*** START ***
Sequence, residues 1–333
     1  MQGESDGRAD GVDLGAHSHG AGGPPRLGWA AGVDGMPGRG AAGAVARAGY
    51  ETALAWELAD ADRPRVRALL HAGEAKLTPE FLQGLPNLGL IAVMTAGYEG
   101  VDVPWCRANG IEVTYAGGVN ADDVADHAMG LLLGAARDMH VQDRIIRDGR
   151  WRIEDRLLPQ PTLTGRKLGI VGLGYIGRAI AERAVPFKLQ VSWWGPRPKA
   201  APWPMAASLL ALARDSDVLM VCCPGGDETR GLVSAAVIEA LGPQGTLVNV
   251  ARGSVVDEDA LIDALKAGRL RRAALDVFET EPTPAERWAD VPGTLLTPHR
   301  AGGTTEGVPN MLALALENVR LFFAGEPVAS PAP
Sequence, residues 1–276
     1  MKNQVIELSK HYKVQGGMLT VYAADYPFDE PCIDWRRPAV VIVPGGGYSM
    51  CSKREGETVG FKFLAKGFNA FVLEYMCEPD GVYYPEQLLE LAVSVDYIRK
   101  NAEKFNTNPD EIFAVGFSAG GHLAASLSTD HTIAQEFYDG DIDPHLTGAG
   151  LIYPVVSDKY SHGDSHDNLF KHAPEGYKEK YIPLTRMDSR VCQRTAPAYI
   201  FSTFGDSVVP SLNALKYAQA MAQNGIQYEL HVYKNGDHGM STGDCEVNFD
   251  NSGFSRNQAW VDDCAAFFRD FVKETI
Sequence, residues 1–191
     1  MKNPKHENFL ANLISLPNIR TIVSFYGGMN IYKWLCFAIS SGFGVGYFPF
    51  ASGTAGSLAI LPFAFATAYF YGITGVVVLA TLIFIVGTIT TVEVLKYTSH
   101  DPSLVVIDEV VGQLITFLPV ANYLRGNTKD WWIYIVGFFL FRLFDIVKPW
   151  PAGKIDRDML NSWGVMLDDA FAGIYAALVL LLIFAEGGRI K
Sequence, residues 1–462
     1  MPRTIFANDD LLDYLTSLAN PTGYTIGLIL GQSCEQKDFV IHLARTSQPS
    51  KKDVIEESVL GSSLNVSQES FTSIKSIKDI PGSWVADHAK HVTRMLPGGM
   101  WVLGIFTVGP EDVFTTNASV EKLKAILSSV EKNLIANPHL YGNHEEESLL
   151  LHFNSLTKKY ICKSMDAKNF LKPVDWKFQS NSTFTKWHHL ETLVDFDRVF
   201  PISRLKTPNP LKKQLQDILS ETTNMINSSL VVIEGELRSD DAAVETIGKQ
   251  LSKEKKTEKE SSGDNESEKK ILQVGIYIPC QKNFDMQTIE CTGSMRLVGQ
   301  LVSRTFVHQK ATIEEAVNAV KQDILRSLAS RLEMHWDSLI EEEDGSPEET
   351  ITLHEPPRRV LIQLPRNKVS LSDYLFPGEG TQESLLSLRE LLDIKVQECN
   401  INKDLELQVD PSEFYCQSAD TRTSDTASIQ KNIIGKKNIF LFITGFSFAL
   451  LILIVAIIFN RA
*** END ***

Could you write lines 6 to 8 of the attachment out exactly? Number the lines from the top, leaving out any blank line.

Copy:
   201  APWPMAASLL ALARDSDVLM VCCPGGDETR GLVSAAVIEA LGPQGTLVNV
   251  ARGSVVDEDA LIDALKAGRL RRAALDVFET EPTPAERWAD VPGTLLTPHR
   301  AGGTTEGVPN MLALALENVR LFFAGEPVAS PAP